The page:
Bunyoro Kingdom starts planning for royalties
The oil-rich Bunyoro Kitara Kingdom is developing a list of priorities that will inform its spending once oil royalties start coming in, Oil in Uganda has learnt.
The Kingdom’s Prime Minister, Rt. Hon. Norman Lukumu, says the Kingdom has embarked on consultations with various stakeholders to build consensus on how oil royalties will be managed.
The Kingdom will receive one percent of the royalties the government will collect from oil sales as provided for in the Public Finance Management Act 2015.
“We see oil royalties as a key source of revenue for the Kingdom which we intend to use on various development projects,” explains Lukumu, adding that the Kingdom has a five year development plan. Lukumu says that the leading priorities for the kingdom are education, health, culture and infrastructure projects.
The Minister of State for Bunyoro Affairs, Earnest Kiiza, welcomed the consultations and pledged government’s support.
“As Government we appreciate the kingdom for prioritizing planning on how it will utilize the oil royalties. Prudent management and good use of oil revenues is important if oil is to benefit the present and future generations,” he said.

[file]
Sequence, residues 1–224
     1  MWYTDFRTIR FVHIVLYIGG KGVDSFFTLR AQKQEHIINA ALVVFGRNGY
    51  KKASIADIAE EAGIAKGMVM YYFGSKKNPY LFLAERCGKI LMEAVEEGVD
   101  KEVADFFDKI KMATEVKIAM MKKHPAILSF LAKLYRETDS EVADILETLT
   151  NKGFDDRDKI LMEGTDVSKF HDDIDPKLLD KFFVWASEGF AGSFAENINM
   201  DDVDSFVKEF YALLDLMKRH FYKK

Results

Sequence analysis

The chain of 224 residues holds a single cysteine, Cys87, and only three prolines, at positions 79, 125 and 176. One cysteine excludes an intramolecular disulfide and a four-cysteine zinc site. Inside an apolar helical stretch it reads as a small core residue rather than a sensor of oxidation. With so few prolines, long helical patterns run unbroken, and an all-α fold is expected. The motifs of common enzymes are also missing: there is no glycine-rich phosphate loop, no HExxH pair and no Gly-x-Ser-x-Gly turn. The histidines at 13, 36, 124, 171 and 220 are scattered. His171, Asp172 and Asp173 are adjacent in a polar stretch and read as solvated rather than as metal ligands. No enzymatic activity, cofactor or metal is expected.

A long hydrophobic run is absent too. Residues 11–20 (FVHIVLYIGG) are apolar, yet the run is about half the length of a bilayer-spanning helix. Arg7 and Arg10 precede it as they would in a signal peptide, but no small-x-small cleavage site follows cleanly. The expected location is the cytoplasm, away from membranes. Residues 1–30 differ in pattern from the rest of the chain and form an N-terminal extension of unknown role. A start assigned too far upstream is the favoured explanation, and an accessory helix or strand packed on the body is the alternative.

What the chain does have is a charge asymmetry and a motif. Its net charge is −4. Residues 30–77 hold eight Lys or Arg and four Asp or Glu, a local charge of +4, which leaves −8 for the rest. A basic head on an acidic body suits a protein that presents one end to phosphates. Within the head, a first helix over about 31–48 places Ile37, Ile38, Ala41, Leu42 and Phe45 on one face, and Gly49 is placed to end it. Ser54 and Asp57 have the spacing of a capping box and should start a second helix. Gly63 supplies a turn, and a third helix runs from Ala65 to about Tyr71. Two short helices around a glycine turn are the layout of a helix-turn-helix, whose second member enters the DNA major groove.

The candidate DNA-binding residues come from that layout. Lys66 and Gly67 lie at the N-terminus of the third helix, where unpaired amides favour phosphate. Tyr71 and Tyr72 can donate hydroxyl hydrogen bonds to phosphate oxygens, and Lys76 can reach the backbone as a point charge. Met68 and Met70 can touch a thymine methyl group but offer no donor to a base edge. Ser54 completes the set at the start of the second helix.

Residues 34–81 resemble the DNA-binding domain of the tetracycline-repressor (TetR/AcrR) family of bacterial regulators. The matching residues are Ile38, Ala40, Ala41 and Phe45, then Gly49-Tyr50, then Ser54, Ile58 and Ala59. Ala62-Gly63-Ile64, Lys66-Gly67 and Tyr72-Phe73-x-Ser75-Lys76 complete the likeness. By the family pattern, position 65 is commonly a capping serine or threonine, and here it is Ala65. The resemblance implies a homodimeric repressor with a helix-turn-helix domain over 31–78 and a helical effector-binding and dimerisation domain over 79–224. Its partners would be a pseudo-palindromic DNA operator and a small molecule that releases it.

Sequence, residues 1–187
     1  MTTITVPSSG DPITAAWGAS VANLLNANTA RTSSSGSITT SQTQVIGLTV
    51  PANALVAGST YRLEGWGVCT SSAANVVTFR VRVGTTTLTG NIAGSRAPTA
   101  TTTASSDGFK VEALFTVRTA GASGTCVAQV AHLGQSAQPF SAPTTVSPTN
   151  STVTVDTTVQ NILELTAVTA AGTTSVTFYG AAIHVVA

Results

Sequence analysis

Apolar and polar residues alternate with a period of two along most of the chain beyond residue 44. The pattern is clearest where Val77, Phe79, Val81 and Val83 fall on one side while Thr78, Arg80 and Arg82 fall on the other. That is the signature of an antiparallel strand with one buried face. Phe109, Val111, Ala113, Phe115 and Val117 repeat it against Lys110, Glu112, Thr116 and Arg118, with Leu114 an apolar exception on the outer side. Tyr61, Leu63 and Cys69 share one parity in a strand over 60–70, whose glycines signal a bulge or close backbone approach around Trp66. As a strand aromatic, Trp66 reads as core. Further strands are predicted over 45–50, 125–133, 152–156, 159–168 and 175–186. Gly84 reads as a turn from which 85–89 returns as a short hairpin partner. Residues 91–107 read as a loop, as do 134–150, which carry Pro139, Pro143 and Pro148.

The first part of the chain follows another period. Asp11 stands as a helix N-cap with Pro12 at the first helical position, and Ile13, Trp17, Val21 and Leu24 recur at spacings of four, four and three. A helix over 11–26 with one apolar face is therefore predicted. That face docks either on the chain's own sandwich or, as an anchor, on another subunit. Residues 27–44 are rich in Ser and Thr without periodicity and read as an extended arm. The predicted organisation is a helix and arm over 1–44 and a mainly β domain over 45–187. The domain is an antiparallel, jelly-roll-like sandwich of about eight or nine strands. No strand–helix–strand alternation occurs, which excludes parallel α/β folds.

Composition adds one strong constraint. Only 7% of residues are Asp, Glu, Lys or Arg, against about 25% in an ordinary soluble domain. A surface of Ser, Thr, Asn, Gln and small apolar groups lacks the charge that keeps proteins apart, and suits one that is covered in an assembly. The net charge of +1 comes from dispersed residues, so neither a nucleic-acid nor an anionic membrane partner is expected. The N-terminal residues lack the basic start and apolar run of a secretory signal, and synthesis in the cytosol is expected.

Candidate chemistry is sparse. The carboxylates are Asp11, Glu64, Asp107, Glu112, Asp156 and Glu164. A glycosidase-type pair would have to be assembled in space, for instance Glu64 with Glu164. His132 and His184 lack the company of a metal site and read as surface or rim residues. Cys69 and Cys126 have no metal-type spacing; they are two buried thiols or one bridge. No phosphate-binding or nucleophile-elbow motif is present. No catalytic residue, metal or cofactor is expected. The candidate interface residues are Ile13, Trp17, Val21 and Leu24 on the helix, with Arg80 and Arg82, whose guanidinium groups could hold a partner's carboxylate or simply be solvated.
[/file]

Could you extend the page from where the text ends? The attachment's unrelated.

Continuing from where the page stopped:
“Invest in people, not infrastructure”
Meanwhile, Bunyoro Kingdom has been advised to avoid duplicating projects that are being implemented by Government and other development partners and only invest in projects that will empower all its subjects.
Dr. Fred Muhumuza, a financial consultant and Senior Lecturer at Makerere University, advises the Kingdom to invest in technical aspects of education like training teachers, medical workers and certified mechanics as well as better agronomic practices and quality seeds.
He argues that development issues such as roads and power extension are the mandate of Government.
According to Muhumuza, the Kingdom needs to avoid investing in consumables and consider devoting part of the money to an endowment fund where future generations can also benefit from the royalties.
Report by our Hoima Correspondent